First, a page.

The lack of cooking continues, but of course we still have to eat. The cauliflower & macaroni cheese did for two nights, and for two other nights we've had Turkish pide. The pide came about because we were having evening visitors. With me being rather out of commission, and Belinda madly packing for the three month grand tour, we asked Beth to bring the food. We supplied money, drinks, and dishwasher loading.
Beth bought our dinner at the Lyneham Pide Hut. It wasn't bad at all. I enjoyed the very fresh warm Turkish bread, and a good Cacik dip - that's Turkish tzatziki. The zucchini balls were nicely done, still crisp on the outside and cooked through. This matters - if you're a fan of these fritters you'll know that it's common to get them a bit raw in the middle.
We had four pides, two vego and two meat, and they were OK. The mushroom pide had the best filling, including some good black olives; the lamb and mixed vegetable were OK, but the pastrimali seemed slightly wrong. Not that it was off, just perhaps a tiny bit oxidised as if the meat had been sitting around uncovered too long. It's not the best pide ever - I prefer the pide from Dickson, which comes up fluffier and fatter and cheesier - but it's quite respectable. We fed six people dinner, and had to my estimate at least four more meals in leftovers, at a cost of $95 all up. Good value takeaway; we were happy with it.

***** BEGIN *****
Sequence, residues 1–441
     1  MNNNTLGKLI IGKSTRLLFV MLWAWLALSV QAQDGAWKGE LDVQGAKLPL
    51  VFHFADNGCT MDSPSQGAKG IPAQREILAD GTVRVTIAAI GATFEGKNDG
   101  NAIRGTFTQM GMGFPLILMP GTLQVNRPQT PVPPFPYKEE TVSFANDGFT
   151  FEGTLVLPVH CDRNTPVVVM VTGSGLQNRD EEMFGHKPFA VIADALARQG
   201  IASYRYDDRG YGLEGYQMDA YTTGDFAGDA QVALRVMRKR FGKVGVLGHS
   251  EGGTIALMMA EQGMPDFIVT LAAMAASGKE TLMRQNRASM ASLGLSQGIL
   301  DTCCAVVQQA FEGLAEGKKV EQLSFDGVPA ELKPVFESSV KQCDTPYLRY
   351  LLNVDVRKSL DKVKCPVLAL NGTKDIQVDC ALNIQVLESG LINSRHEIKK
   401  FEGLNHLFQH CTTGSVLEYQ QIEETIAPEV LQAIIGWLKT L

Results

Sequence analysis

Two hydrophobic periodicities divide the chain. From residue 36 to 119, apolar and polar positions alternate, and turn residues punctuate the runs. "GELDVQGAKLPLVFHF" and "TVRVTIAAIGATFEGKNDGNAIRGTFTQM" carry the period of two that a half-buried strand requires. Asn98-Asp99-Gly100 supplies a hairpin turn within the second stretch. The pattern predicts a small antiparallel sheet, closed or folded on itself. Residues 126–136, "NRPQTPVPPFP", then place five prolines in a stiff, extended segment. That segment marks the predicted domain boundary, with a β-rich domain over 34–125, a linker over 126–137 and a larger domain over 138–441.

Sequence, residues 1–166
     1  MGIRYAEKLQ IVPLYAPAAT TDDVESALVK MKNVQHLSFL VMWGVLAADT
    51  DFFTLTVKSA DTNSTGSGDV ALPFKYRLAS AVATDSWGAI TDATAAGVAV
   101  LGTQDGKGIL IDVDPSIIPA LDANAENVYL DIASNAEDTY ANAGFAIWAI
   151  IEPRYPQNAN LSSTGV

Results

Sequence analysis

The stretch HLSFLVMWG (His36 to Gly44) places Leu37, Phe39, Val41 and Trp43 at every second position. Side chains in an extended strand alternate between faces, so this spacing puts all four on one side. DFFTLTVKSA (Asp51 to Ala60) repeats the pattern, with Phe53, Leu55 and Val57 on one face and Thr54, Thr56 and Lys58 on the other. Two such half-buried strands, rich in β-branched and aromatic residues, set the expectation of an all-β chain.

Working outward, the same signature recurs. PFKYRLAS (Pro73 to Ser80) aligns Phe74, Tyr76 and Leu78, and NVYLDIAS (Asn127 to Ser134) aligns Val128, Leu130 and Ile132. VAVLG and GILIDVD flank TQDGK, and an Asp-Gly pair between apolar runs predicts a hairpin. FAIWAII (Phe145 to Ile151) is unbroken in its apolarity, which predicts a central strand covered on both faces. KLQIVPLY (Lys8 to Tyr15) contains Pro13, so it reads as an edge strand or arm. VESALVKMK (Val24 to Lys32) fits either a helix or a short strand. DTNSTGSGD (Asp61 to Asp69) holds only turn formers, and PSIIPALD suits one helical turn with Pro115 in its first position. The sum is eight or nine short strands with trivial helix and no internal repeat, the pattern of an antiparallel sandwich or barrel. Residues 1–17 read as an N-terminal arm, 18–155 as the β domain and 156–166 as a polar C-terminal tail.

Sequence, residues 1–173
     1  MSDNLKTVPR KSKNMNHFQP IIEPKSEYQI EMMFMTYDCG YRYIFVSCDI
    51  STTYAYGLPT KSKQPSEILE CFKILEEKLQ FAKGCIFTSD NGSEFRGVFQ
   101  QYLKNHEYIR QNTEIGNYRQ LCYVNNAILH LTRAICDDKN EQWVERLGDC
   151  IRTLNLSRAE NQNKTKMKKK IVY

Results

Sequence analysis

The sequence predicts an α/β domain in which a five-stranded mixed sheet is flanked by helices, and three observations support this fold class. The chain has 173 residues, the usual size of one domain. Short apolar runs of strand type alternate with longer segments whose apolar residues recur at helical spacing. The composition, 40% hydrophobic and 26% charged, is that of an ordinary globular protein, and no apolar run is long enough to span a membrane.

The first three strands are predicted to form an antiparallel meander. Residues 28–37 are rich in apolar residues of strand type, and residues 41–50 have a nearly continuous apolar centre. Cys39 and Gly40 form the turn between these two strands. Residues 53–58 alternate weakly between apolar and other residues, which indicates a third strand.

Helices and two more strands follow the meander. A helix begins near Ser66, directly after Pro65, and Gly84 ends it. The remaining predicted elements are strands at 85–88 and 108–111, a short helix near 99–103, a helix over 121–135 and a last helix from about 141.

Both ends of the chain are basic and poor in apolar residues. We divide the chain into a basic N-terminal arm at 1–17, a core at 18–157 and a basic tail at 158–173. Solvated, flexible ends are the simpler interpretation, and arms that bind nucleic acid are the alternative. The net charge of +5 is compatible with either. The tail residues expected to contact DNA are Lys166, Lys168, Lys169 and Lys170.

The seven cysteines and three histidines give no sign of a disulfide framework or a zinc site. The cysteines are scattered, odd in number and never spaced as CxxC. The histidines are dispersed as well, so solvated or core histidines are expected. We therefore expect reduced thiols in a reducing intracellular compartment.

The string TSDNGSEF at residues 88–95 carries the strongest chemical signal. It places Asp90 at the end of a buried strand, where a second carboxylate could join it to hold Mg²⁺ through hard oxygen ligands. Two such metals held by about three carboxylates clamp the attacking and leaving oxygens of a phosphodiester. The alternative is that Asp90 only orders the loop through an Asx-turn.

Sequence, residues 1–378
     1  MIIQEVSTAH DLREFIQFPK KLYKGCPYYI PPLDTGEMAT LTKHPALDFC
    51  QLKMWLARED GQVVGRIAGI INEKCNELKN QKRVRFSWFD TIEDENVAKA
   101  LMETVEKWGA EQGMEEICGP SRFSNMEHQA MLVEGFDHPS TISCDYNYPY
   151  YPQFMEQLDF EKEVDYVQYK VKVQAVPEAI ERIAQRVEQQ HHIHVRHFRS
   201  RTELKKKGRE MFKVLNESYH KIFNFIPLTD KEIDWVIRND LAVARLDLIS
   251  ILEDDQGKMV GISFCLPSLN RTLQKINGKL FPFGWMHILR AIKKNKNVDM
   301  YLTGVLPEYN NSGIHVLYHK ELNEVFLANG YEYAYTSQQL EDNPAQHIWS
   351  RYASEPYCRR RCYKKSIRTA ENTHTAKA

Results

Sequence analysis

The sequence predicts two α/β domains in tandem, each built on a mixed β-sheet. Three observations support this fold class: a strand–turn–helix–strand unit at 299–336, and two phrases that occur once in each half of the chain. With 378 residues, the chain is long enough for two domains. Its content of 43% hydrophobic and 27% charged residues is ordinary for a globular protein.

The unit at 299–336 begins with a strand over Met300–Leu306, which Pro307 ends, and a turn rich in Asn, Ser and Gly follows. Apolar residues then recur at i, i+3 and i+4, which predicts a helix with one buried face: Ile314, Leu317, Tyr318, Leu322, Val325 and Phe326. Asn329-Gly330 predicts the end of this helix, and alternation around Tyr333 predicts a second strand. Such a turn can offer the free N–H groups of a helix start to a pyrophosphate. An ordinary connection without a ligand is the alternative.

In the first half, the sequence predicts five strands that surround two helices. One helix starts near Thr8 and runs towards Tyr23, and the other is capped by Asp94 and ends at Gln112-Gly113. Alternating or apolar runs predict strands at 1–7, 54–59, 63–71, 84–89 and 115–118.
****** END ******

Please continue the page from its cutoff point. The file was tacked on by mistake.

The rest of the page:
In a separate event, I had afternoon tea at My Cafe in Manuka on Sunday. I wanted to write this up as a Find column, but it really wasn't good enough for that. I'm very taken by the concept of their lillipilli pikelets and wattlecino. Australian flavours are not used enough, and I was all set to encourage this with a column about "Aussie Arvo Tea" in the Canberra Times. If you have a podium, use it, I say!
Anyway, it wasn't so good. The service was fine, the menu is good, the buzz is good, and there are plenty of outdoor heaters. Belinda thought her French toast with banana and bacon was one of the better examples of its kind. And it's great that they serve breakfast until 5pm.
My wattlecino ($5.40) came in a mug, and was too weakly flavoured. I remember having it before, last year sometime, and it came in a cup, and that was fine. The lillipilli pikelets ($12ish) come in a big stack of six fat pikelets, and the mixed spicy apply berry flavour is good. They were a bit dry and tough around the edges, probably from reheating. I recalled that they had actual berry chunks in them, but these ones were even and devoid of fruit. Perhaps made with lillipilli jelly in the batter? It's served with a berry compote, and although it was winter this was served cold. An unfortunate choice - but even worse, some were still frozen in the middle. I can't in all conscience recommend it other than as a curiosity. Excellent idea, but needs work.
But hey, try it at home! To make wattlecino you need an espresso machine, and wattleseed. It's not cheap, but you could try variations like adding some to plunger coffee, or perhaps infusing in milk before straining it off to make hot chocolate. The seed is a bit gritty in texture to just add to milk as is. And if you can't find lillipillies, you can buy a jar of lillipilli conserve online. Sometimes the Essential Ingredient has them frozen, and quite a lot of gourmet food shops will have the preserve. I got some from a woman who makes her own, and sells it at the Bungendore market. Lillipillies are also known as riberries. Technically I think there's many varieties of lillipilli and the riberry is only one of them, but if you're food shopping rather than gardening that won't matter.